RIT scientists have once again used data from the James Webb Space Telescope (JWST) as part of the Cosmic Evolution Early Release Science (CEERS) Survey to change the way we think about the universe and its distant galaxies. Jeyhan Kartaltepe and Rebecca Larson co-authored a paper confirming very bright galaxies in the early universe, while also disproving the identification of what would have been the most distant galaxy ever found.
Gabriel Diaz, associate professor in the Chester F. Carlson Center for Imaging Science, and his team are aiming to understand the effects of cortical blindness on the processing of visual information used to guide behavior, like driving a vehicle. Cortical blindness affects nearly half a million stroke patients in the United States each year.
Joel Kastner, a professor in the Chester F. Carlson Center for Imaging Science and School of Physics and Astronomy, and a team of researchers with the European Southern Observatory have discovered new evidence of how planets as massive as Jupiter can form.
The Washington Post talks to Jeyhan Kartaltepe, associate professor in RIT's School of Physics and Astronomy, and Rebecca Larson, postdoctoral research associate in RIT’s School of Physics and Astronomy, about images from the James Webb Space Telescope.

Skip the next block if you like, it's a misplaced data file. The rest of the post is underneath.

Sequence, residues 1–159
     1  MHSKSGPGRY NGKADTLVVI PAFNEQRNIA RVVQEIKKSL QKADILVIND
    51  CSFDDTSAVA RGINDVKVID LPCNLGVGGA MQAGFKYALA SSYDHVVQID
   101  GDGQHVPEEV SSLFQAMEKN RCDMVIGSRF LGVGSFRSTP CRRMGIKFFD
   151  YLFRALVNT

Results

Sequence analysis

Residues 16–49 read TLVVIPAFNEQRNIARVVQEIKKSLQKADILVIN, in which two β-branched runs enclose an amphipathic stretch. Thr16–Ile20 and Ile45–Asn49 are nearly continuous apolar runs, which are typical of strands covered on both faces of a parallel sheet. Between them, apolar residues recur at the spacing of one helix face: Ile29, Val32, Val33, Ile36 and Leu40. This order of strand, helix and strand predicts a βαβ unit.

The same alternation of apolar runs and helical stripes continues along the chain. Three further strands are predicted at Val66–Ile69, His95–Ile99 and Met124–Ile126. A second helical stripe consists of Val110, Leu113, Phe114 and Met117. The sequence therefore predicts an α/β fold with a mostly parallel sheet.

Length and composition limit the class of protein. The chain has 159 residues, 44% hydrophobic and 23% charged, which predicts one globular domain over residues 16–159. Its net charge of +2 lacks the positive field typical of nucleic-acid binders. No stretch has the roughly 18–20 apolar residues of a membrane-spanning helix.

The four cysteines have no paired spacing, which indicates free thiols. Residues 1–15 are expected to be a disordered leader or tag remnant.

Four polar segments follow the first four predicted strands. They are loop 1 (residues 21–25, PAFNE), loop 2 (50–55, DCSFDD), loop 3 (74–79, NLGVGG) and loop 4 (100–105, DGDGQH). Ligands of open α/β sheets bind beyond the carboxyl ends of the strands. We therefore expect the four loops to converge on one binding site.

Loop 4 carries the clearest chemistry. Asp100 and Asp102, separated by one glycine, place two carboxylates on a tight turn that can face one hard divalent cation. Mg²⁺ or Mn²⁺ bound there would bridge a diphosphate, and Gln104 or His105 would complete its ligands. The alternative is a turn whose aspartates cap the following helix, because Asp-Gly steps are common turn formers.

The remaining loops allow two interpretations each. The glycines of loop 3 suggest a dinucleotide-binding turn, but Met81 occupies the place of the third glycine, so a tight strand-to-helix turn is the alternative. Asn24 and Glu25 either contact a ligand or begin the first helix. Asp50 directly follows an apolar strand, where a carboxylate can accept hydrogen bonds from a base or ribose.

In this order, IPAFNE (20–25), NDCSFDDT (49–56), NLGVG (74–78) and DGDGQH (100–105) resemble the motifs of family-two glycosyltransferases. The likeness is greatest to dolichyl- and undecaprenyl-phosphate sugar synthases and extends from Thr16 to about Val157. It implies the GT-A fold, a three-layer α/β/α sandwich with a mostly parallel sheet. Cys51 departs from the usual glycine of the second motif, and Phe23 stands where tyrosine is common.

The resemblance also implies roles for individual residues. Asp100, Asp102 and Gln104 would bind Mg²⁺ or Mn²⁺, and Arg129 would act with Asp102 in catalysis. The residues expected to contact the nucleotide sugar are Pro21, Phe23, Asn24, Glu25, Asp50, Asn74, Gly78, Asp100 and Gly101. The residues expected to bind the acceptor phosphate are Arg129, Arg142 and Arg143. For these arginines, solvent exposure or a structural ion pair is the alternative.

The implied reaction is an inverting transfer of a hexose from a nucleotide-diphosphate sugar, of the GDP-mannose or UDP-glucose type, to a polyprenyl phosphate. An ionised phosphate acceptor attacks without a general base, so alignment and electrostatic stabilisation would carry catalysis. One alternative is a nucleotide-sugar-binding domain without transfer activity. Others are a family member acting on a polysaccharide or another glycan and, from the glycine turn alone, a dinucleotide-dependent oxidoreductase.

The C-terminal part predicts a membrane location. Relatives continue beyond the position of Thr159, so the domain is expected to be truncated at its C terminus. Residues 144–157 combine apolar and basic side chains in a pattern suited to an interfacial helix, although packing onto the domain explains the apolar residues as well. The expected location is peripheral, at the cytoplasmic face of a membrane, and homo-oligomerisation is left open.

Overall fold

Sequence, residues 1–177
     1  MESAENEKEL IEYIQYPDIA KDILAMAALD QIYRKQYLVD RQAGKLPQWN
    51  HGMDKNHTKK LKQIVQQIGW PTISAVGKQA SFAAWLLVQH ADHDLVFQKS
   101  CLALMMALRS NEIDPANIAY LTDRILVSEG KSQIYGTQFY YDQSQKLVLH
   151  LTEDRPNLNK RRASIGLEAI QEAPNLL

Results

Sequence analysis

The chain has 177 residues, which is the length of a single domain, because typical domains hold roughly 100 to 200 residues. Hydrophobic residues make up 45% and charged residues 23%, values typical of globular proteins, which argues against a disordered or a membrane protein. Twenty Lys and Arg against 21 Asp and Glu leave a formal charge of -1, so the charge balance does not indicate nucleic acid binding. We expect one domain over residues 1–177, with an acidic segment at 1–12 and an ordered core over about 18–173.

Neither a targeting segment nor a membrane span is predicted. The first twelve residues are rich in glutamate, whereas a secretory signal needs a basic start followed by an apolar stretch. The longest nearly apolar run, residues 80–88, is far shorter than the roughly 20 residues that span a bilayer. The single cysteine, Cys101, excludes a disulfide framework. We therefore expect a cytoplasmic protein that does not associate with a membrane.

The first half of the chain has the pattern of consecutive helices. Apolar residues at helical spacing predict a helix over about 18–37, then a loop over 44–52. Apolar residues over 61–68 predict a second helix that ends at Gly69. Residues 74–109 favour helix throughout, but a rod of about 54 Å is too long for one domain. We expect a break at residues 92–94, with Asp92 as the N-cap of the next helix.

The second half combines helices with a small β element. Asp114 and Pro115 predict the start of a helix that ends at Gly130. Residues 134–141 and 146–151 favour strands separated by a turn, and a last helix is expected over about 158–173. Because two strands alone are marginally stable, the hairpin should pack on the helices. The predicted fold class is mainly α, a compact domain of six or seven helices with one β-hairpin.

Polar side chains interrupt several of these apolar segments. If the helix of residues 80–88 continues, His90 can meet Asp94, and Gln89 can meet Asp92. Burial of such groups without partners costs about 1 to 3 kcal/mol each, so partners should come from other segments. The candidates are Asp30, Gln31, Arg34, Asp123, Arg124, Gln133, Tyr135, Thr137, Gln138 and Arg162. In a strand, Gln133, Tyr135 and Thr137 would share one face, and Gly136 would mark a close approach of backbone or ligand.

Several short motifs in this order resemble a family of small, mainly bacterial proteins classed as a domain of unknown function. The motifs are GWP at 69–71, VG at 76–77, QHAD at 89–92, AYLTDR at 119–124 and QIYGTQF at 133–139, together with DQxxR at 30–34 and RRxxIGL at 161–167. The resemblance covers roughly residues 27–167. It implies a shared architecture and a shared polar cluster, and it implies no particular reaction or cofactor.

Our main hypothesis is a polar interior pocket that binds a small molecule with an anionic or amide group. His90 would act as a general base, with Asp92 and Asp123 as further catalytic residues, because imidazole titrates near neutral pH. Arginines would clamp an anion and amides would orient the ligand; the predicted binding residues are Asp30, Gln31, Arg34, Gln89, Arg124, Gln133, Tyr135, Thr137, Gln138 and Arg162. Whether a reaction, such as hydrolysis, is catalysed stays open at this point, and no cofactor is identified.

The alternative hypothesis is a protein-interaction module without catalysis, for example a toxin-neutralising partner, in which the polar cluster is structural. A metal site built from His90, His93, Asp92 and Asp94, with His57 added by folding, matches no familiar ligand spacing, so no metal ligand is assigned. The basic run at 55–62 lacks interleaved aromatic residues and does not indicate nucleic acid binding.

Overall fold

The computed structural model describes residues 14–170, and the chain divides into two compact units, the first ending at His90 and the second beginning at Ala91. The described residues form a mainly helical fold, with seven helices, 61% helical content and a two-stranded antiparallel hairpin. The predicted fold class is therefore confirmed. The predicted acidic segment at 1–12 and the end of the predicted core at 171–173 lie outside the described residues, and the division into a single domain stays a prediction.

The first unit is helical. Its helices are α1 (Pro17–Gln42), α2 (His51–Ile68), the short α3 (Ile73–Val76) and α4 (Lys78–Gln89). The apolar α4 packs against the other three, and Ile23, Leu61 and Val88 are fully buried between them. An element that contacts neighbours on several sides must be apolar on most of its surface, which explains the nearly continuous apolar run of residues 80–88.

An RIT postdoctoral researcher and an associate professor in the School of Physics and Astronomy, along with a team behind the Cosmic Evolution Early Release Science (CEERS) Survey, have used new observations from the James Webb Space Telescope to confirm the existence of the most distant active supermassive black hole ever found.
According to scientists from across the globe—including those working on the project from RIT—this observing run by the LIGO-Virgo-KAGRA (LVK) collaboration features upgraded instruments, new and even more accurate signal models, and more advanced data analysis methods.
In collaboration with NASA, RIT unveiled a website asking for volunteers to join an effort to take critical measurements that will aid astronomers in identifying the “fingerprints” of different chemical elements present in galaxies and measuring their distances.
RIT is among a group of area higher-education and industry partners sharing a $1 million Regional Innovation Engines Development Award grant from the National Science Foundation to help boost the next generation of lasers.